The Bank of Canada announced this week that they’re keeping their overnight rate target at 1.75%.
According to the bank, the global economy has grown slower than it had predicted in January, mostly because of trade conflicts between countries. That being said, they expect the economy to pick up somewhat throughout 2019:
Global economic activity is expected to pick up during 2019 and average 3 ¼ per cent over the projection period, supported by accommodative financial conditions and as a number of temporary factors weighing on growth fade. This is roughly in line with the global economy’s potential and a modest downgrade to the Bank’s January projection.
Canadian economic growth was also slower than the bank had predicted back in January.
Last year’s oil price decline and ongoing transportation constraints have curbed investment and exports in the energy sector. Investment and exports outside the energy sector, meanwhile, have been negatively affected by trade policy uncertainty and the global slowdown. Weaker-than-anticipated housing and consumption also contributed to slower growth.
As with the global economy, the Bank of Canada expects the Canadian economy to pick up as 2019 progresses:
Consumption will be underpinned by strong growth in employment income. Outside of the oil and gas sector, investment will be supported by high rates of capacity utilization and exports will expand with strengthening global demand. Meanwhile, the contribution to growth from government spending has been revised down in light of Ontario’s new budget.
Housing activity is expected to stabilize given continued population gains, the fading effects of past housing policy changes, and improved global financial conditions.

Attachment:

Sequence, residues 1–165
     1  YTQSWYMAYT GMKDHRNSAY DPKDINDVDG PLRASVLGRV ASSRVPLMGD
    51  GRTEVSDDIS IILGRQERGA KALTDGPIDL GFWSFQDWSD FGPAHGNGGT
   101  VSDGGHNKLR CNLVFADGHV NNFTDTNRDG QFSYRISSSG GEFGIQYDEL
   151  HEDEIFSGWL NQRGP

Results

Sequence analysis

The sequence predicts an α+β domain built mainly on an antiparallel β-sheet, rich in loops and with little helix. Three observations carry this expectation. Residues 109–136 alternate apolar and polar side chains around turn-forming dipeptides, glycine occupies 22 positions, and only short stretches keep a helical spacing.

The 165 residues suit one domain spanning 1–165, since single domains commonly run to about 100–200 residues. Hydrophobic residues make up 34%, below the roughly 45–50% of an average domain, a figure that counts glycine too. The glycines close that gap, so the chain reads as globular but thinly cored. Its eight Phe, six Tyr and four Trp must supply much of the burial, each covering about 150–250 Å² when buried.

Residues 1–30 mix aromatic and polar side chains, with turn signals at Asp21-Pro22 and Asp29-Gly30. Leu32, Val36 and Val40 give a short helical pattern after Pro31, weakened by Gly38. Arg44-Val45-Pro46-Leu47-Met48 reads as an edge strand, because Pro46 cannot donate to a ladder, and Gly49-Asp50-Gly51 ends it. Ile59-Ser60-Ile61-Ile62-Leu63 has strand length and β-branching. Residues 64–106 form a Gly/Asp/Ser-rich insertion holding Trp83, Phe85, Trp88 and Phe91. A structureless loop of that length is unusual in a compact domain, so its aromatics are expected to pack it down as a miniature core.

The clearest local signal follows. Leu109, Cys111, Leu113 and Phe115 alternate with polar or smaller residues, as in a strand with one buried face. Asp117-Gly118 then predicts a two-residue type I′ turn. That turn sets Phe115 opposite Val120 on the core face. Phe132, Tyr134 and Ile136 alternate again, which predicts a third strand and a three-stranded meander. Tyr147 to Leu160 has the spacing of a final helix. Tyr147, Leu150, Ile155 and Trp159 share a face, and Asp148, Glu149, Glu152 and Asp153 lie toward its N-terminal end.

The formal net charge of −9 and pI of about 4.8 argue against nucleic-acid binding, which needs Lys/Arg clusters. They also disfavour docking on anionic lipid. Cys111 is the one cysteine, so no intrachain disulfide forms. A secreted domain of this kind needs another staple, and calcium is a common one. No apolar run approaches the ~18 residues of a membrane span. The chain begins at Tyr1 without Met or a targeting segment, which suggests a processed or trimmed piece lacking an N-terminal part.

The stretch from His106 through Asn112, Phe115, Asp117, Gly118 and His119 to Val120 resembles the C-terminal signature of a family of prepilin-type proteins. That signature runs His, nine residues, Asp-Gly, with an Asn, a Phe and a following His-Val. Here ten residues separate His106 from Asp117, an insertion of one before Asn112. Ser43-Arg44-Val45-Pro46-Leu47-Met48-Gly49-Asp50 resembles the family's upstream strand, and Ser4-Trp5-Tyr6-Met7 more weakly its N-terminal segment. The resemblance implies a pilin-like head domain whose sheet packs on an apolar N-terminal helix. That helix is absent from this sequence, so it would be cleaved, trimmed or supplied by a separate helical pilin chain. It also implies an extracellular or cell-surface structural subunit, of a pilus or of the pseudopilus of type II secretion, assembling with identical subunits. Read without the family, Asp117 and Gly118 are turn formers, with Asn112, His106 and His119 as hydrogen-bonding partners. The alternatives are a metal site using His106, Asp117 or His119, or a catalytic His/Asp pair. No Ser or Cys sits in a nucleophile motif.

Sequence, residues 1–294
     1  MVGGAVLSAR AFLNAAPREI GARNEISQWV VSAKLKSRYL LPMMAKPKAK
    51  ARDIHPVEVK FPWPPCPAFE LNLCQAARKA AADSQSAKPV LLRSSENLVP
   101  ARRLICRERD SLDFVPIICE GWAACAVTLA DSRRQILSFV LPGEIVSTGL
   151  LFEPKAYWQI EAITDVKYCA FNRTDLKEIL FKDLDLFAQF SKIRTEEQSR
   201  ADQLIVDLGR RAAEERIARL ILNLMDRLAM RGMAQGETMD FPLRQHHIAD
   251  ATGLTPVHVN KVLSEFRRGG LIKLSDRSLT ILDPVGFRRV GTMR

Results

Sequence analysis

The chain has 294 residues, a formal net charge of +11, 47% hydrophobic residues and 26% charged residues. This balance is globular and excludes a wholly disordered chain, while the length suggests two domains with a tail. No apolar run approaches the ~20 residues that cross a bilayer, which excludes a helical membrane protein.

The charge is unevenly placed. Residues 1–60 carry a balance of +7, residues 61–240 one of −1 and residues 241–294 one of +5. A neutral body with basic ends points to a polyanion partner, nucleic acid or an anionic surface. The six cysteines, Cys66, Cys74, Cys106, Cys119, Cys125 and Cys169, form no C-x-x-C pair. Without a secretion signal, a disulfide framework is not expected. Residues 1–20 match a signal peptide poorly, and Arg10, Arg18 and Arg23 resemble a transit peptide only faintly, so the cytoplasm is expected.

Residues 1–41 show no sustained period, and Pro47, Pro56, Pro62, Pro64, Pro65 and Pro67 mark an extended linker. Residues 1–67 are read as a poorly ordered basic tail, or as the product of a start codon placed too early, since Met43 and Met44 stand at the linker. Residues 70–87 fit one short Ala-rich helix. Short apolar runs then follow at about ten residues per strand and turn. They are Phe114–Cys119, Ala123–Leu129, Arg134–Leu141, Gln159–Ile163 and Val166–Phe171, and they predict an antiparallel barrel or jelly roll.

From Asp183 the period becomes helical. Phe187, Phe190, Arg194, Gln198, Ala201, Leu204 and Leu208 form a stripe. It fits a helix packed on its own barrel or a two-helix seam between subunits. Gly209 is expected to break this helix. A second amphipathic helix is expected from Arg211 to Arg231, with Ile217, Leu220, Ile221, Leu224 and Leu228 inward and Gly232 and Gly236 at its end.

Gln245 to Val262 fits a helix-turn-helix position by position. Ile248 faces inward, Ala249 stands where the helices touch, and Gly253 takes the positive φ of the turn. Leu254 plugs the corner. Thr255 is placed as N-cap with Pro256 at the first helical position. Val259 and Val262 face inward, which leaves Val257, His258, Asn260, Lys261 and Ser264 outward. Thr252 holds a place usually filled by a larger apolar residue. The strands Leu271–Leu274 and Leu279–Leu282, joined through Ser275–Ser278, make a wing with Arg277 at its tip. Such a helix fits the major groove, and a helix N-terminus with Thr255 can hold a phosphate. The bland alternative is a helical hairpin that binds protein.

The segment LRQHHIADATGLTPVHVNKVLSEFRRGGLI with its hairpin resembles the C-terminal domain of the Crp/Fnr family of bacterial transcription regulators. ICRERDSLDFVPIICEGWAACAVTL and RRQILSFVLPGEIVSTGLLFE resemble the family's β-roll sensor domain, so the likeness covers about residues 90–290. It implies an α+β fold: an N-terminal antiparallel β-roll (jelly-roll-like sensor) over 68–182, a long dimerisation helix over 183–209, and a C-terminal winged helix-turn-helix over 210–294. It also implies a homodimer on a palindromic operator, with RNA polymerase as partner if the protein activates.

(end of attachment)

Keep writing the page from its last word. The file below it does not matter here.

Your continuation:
The bank predicts that real GDP will grow by only 1.2% this year, but by 2% in each of the following 2 years. Inflation is at 2%, and the bank predicts it to remain there until at least 2021.
Holding the rate where it was means that the prime lending rate for consumers is still at 3.95%. And the bank doesn’t seem interested in increasing that for a while. If you’re in a variable rate mortgage, you’re fine for the moment. And if you’re up for renewal this year, you’ll probably be able to still lock into the low rates.
And with the recent report from the Canadian Real Estate Association that the average home price has dropped by 1.8% over the last year (2.2% in Alberta, and 4% in Calgary and Edmonton), now might be the best time to buy a new home: low interest rates and lower home prices.
If you want to know what options are available or want to find the best rate for you today, contact our office. The next rate announcement will be 29 May 2019.